Here also are the daily rituals of Charles Darwin, Andy Warhol, John Updike, Twyla Tharp, Benjamin Franklin, William Faulkner, Jane Austen, Anne Rice, and Igor Stravinsky (he was never able to compose unless he was sure no one could hear him and, when blocked, stood on his head to “clear the brain”).
Brilliantly compiled and edited, and filled with detail and anecdote, Daily Rituals is irresistible, addictive, magically inspiring.
I read this book to try to gain insight into a wide variety of universally acclaimed brilliant minds in order to enhance my own creativity. Who wouldn’t want to learn from the very best minds? As a budding polymath, I am devising my own personal ‘Daily Ritual’ based on my challenging schedule. A fascinating read!
“Mindset: The New Psychology of Success” by Carol S. Dweck
World-renowned Stanford University psychologist Carol Dweck, in decades of research on achievement and success, has discovered a truly groundbreaking idea–the power of our mindset.
Dweck explains why it’s not just our abilities and talent that bring us success–but whether we approach them with a fixed or growth mindset. She makes clear why praising intelligence and ability doesn’t foster self-esteem and lead to accomplishment, but may actually jeopardize success. With the right mindset, we can motivate our kids and help them to raise their grades, as well as reach our own goals–personal and professional. Dweck reveals what all great parents, teachers, CEOs, and athletes already know: how a simple idea about the brain can create a love of learning and a resilience that is the basis of great accomplishment in every area.
This book is must-read material for parents and coaches. I have read portions of it multiple times and try to apply these learnings to my daily life. I can’t recommend this book enough…
“The Gold Mine Effect: Crack the Secrets of High Performance” by Rasmus Ankersen
Why are 137 of the world”s 500 best female golfers from South Korea? How did one athletic club in Jamaica produce most of the world”s best sprinters? What”s the reason that the world”s best marathon runners grew up in the same village in Ethiopia? What is the secret behind Brazil”s mass production of soccer superstars? How has one tennis club in Moscow managed to develop more top tennis players in ten years than the whole of the United States?
For six months, Rasmus Ankersen travelled around the world visiting these talent gold mines. He talked, trained and lived with the athletes in order to discover what, if anything, they have in common and to attempt to crack the code of developing world-class talent. The result is The Gold Mine Effect, a book that questions all the misconceptions, conventional wisdom and popular theories about talent, hard work, parenting and motivation and looks at how we can apply this knowledge to our own lives.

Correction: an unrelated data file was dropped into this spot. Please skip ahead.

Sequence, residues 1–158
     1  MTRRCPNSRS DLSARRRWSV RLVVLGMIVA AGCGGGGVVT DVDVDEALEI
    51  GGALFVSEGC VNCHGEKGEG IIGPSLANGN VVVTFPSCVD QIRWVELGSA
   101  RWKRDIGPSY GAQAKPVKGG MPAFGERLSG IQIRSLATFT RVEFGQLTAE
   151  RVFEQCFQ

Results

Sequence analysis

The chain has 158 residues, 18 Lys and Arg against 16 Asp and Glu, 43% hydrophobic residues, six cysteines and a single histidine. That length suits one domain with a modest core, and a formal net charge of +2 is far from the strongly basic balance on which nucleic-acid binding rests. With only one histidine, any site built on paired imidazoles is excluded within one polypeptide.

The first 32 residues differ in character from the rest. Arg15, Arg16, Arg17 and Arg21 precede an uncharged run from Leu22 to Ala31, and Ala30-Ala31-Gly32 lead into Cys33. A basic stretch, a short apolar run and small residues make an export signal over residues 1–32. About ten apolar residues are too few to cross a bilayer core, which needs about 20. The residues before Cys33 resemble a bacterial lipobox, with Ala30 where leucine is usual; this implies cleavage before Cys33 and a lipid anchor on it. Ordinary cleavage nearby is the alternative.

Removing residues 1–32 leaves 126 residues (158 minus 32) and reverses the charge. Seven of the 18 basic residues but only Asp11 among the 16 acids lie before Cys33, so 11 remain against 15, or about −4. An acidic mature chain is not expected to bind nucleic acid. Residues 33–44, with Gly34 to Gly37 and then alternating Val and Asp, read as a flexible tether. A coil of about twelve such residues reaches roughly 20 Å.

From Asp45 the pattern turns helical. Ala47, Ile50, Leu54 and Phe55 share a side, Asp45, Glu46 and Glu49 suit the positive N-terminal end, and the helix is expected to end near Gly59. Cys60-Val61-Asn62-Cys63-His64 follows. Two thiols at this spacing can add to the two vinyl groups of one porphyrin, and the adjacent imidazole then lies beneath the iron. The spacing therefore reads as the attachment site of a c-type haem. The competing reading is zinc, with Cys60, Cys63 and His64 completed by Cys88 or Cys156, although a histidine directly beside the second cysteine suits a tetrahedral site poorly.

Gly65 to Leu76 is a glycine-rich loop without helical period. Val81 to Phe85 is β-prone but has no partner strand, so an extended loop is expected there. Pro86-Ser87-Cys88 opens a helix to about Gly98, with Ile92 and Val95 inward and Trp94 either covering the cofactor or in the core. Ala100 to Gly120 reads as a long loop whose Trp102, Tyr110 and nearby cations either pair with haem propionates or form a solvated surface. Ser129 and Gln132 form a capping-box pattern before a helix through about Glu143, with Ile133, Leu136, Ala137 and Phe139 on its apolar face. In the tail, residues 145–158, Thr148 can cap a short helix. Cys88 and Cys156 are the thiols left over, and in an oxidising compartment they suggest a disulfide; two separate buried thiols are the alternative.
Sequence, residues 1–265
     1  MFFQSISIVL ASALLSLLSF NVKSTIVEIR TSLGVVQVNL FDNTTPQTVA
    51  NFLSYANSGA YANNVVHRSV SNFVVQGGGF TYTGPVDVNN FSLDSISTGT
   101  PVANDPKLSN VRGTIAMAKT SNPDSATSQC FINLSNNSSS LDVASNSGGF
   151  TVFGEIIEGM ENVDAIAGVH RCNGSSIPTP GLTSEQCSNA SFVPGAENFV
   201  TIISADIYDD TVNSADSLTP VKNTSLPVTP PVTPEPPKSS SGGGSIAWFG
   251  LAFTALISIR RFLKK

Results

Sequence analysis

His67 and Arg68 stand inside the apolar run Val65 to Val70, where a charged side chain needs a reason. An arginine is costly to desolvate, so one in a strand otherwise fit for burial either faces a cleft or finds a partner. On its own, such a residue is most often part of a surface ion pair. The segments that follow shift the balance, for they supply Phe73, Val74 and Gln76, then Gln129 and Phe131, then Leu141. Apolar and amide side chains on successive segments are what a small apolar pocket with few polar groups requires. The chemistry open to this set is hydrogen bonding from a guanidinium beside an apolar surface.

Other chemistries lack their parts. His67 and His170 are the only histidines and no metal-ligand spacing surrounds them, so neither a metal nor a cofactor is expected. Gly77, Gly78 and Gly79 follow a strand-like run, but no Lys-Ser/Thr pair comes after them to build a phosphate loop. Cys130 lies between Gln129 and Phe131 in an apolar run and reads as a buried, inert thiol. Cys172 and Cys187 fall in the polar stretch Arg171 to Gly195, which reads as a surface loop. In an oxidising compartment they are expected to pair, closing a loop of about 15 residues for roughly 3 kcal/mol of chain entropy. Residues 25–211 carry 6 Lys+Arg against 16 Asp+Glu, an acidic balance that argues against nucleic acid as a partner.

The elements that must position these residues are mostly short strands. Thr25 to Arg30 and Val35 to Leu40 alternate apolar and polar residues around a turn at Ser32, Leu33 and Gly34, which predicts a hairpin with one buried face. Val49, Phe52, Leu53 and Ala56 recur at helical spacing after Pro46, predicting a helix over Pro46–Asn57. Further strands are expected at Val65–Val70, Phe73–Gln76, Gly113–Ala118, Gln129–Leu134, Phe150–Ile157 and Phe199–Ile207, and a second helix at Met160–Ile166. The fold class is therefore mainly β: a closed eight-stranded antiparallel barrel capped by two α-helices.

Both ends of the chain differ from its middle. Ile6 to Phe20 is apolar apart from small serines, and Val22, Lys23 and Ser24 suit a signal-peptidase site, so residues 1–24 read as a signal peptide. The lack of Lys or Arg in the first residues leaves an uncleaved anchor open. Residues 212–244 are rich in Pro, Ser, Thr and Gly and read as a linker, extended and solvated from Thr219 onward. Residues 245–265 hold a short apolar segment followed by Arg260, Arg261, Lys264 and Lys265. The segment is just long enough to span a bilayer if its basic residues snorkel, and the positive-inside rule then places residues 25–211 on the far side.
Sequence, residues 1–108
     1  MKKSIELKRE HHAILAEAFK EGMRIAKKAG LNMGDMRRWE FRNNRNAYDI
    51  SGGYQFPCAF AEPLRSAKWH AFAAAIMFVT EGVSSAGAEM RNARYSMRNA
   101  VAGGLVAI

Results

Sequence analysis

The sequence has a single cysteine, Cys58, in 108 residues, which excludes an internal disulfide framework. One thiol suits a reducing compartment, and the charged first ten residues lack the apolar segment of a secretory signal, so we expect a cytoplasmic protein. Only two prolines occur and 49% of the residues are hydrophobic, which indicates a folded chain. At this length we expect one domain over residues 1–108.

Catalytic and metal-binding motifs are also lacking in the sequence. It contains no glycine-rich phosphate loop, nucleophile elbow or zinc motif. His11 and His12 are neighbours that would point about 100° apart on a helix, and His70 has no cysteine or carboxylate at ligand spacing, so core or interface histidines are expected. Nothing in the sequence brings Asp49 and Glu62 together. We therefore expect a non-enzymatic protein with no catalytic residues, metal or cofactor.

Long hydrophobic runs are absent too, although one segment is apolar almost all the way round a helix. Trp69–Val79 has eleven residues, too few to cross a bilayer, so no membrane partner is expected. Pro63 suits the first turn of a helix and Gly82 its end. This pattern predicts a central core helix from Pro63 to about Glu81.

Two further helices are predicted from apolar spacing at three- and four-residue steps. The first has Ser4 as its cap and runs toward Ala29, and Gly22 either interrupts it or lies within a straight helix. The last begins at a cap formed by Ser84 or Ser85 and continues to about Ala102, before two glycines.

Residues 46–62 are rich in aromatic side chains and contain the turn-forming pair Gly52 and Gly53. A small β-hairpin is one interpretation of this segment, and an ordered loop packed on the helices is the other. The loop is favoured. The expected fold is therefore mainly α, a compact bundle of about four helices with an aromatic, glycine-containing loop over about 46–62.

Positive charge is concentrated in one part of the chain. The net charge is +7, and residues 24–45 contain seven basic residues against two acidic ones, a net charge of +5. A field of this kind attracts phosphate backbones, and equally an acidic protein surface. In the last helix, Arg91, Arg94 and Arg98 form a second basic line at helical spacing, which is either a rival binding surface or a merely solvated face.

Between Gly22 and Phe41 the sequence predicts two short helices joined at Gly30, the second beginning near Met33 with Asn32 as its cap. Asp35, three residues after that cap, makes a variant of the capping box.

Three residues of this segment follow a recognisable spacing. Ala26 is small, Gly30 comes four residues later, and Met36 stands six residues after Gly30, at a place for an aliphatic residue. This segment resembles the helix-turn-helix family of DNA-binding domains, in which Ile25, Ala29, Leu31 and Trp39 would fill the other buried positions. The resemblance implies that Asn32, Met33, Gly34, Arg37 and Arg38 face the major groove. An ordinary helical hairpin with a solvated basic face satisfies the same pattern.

I have a fascination with ‘Best Practices’ when it comes to creating optimal development environments (talent hothouses) so I read this book with great anticipation and it met my expectations! I hope to travel to Europe this spring (2015) to combine attendance at some coaching clinics while I meet some ‘hothouse’ coaches and see their operations. This could be the genesis of another article for my website this summer and a great way to advance my active, on-site PD!
What is neuroplasticity? Is it possible to change your brain? Norman Doidge’s inspiring guide to the new brain science explains all of this and more…
An astonishing new science called neuroplasticity is overthrowing the centuries-old notion that the human brain is immutable, and proving that it is, in fact, possible to change your brain. Psychoanalyst, Norman Doidge, M.D., traveled the country to meet both the brilliant scientists championing neuroplasticity, its healing powers, and the people whose lives they’ve transformed—people whose mental limitations, brain damage or brain trauma were seen as unalterable. We see a woman born with half a brain that rewired itself to work as a whole, blind people who learn to see, learning disorders cured, IQs raised, aging brains rejuvenated, stroke patients learning to speak, children with cerebral palsy learning to move with more grace, depression and anxiety disorders successfully treated, and lifelong character traits changed. Using these marvelous stories to probe mysteries of the body, emotion, love, sex, culture, and education, Dr. Doidge has written an immensely moving, inspiring book that will permanently alter the way we look at our brains, human nature, and human potential.
I have been trying to learn as much as I can about neuroplasticity, development and expertise as possible as I have always had interests in these areas plus it can positively translate into my daily parenting and coaching. I hate it when people label someone who is exceptionally good or bad as a ‘natural’. That’s poppycock! Either the person has spent lots of time training or they haven’t. Sure, genetics can help/hinder depending, but the reality is, people have the capacity to change for the better! This book isn’t a difficult (medical) read; rather it uses some incredible stories to show how amazing the brain truly is!
<…Part 2 next! – DH>
Category: recommended reading / books